In honor of Nike’s 30th-anniversary commemoration of its iconic “Just Do It” campaign, Nike released a commercial featuring former NFL star Colin Kaepernick, a move that proved to be risky in more ways than one.
After the commercial aired back in September of 2018, Nike was hit with some intense backlash. Some even went as far as to burning their Nike shoes to show their outrage and the hashtag #NikeBoycott was born.
Fast forward a year later and Nike’s “Dream Crazy” campaign featuring the former San Francisco 49ers quarterback is now the winner of the Creative Arts Emmy Award for “outstanding commercial,” according to CNN. It’s the first time Nike has taken home the award since 2002.
Nike's "Dream Crazy" commercial featuring Colin Kaepernick has won an Emmy https://t.co/OZXq3Bcjrr
— Sports Illustrated (@SInow) September 16, 2019
The ad, which features other prominent athletes such as Serena Williams and LeBron James, Kap narrates an inspiring message about the power of dreaming big and encourages fans to “believe in something. Even if it means sacrificing everything.”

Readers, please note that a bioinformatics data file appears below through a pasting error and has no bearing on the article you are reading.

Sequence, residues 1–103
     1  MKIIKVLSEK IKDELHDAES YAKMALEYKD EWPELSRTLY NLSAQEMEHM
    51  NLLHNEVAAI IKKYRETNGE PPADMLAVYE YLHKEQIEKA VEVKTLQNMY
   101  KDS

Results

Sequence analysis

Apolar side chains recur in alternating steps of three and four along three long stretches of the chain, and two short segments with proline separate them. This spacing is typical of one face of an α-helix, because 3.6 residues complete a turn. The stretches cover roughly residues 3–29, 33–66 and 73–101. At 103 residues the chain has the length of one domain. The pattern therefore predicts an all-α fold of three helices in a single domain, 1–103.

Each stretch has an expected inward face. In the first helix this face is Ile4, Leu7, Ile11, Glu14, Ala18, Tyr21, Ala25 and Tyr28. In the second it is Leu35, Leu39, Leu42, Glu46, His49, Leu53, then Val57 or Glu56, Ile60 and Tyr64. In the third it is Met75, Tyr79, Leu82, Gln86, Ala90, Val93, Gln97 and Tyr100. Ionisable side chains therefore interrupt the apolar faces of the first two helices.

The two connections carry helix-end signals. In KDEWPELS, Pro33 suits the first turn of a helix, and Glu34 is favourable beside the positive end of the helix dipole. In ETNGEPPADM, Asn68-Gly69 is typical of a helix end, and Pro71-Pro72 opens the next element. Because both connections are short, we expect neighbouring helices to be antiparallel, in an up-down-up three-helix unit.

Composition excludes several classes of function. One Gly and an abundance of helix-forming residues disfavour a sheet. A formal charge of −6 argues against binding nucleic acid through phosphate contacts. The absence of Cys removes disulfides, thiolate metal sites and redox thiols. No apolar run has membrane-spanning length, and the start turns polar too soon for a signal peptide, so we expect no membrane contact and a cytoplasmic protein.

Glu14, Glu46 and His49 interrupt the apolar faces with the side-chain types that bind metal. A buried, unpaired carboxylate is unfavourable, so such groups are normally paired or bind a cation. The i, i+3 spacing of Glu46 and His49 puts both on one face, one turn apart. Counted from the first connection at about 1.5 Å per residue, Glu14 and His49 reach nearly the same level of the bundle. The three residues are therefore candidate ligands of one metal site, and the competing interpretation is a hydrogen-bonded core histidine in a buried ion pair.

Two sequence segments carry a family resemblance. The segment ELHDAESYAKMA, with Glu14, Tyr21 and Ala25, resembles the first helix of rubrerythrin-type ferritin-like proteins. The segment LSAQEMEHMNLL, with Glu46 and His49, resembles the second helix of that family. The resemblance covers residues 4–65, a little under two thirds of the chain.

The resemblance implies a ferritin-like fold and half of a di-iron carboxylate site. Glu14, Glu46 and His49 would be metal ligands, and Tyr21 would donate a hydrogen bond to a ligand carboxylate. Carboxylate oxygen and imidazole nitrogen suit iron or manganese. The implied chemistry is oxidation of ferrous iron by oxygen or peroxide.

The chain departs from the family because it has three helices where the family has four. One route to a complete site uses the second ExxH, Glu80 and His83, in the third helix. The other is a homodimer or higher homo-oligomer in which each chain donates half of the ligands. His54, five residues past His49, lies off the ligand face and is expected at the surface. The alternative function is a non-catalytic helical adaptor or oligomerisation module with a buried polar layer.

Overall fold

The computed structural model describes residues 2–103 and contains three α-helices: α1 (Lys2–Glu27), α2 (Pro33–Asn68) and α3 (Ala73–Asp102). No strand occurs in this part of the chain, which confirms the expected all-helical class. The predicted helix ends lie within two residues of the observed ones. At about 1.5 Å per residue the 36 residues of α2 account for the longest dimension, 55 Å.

The commercial came two years after Kaepernick chose not to stand for the national anthem during a 2016 NFL preseason game in protest to racial injustice. As the controversy grew around Kap’s actions, the NFL’s television’s ratings fell and Kaepernick in-turn was blackballed from the league.
Donald Trump weighed in on the ad tweeting that Nike was “getting absolutely killed with anger and boycotts.”
Nike gained tens of thousands of Instagram followers after announcing the campaign and the company’s stock hit an all-time high.
Kaepernick’s Nike campaign wasn’t the last socially aware campaign to come from the shoemaker.
Last week, the NBA’s Toronto Raptors revealed a new team-branded Nike Pro Hijab for Muslim women athletes on Twitter.
“Inspired by those brave enough to change the game,” the tweet said.
Inspired by those brave enough to change the game.
— Toronto Raptors (@Raptors) September 13, 2019
Kaepernick has been out of the NFL since the end of 2016 but continues his activism efforts through various programs and events across the country.
In February, [him] and former teammate, Eric Reid, settled a lawsuit alleging that the NFL had colluded to keep him off the field for their political activism.